Saturday 18 June 2022

'Tidal' by Caroline Gonda

I used to live by a drowned river. Low tide, you’d see wading birds among the mud and stones. Seals on the sandbank, by the broken pillars of the old railway bridge. Dolphins even, sometimes, out past the harbour, too far off to see clearly. I never could get the hang of binoculars; they bumped my glasses.

We walked on the beach at Broughty Ferry, the summer before we were lovers, and watched the waves buffeting the angry swans against the harbour wall. That autumn, I bought you a silver ring with swans on it, framing a heart-shaped red stone. I don’t know what became of it.

Swept off your feet: it sounds so romantic. The flow of new love carrying everything before it, no way but onwards. Inexhaustible. The force of it took my breath away, left me scared and dizzy. I’ve never been a good swimmer.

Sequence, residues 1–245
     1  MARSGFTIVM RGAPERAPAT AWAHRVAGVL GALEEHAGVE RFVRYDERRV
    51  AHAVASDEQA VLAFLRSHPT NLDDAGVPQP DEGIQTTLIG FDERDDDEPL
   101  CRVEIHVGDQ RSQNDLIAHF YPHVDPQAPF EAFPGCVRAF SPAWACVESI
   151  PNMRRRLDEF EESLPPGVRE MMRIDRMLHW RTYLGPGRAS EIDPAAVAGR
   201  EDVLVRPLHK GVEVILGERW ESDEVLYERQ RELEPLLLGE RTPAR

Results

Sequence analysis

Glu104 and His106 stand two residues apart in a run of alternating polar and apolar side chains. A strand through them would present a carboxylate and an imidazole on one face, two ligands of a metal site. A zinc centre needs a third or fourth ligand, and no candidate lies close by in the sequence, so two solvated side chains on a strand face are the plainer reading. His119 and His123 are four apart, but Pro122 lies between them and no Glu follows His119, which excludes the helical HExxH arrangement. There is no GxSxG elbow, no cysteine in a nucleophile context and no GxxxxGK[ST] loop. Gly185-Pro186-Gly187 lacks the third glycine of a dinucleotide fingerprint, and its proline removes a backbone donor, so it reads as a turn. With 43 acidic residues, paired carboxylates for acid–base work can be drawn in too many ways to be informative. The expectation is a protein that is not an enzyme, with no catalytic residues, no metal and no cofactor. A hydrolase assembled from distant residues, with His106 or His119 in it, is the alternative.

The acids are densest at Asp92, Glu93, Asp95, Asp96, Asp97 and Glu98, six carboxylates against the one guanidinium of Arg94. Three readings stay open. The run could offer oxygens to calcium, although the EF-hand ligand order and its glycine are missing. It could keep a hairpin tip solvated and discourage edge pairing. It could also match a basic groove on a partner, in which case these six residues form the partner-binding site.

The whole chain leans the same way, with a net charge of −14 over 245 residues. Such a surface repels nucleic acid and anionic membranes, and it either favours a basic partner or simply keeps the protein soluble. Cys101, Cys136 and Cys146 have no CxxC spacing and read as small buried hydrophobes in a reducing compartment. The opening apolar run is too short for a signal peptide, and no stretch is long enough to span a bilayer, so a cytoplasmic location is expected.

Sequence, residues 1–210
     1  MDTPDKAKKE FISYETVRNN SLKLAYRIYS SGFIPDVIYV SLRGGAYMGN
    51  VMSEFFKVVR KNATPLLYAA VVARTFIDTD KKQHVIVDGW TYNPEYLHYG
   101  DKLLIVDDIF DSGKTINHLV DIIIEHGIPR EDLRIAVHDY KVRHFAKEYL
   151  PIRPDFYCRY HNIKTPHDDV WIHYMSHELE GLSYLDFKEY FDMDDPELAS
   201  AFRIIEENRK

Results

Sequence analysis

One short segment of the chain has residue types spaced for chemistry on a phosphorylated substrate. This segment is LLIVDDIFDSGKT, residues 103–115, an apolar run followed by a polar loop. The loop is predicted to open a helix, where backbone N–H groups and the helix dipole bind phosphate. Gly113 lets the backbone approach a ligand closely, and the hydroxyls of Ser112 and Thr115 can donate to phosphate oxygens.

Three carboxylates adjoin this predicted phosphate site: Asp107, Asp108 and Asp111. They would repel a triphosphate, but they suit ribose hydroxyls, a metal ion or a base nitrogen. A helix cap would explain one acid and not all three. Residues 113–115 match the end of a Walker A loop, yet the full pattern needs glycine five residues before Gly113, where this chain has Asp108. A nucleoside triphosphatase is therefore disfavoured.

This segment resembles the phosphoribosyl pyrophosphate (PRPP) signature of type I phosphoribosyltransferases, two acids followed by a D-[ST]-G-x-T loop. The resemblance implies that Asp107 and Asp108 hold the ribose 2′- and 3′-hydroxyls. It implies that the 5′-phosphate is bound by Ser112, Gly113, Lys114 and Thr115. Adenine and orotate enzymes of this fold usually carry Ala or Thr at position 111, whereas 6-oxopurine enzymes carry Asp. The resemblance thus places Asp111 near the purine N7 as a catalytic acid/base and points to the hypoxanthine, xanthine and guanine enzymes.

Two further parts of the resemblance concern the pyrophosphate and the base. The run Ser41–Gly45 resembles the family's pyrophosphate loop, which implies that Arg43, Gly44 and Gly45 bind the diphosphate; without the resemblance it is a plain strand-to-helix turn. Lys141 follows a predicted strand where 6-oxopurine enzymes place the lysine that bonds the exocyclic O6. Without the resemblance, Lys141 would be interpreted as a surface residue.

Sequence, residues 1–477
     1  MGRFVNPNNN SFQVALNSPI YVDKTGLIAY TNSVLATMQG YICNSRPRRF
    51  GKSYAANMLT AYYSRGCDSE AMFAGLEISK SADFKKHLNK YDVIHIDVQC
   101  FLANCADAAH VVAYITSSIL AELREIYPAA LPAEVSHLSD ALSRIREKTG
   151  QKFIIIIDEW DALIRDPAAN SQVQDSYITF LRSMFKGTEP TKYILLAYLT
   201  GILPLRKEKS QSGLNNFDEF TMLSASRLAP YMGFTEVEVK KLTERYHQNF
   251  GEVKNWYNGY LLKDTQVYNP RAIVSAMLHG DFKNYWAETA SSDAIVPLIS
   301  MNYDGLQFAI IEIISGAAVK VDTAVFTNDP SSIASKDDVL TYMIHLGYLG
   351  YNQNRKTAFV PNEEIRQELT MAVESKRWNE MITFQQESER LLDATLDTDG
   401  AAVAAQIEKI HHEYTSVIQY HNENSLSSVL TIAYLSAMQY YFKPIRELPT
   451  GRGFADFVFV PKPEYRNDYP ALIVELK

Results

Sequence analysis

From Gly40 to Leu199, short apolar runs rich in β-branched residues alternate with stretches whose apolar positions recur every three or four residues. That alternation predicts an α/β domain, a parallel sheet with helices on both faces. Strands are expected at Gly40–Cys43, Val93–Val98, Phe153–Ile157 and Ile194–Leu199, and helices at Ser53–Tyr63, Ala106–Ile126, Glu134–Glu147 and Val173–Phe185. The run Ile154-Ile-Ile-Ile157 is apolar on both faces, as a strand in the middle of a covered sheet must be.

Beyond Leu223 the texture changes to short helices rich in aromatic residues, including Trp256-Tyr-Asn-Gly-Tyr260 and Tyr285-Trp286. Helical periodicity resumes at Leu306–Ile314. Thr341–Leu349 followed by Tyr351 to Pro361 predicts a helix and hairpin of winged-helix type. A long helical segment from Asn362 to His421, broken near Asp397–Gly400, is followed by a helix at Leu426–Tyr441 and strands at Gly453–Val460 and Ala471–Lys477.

A drowned river turns back on itself, the ebb tide and the flow pulling different ways. I used to go back to Scotland every summer after I left, to see my friends and walk by the estuary. You came with me at first. Later, I went on my own.

I live by the sea now, some of the time. You would have liked that. When the tide’s all the way out, at the spring or autumn equinox, the light is tender, milky almost, and it brings a quietness in me. I watch the paddle-boarders on the hazy water, the couples strolling and children and dogs playing on the wide expanse of the shining sands.


  1. I love the poignant atmosphere of this story.x

  2. What gorgeous and powerful images of love and loss and new life wrapped up in the cycles of nature. Brilliant.


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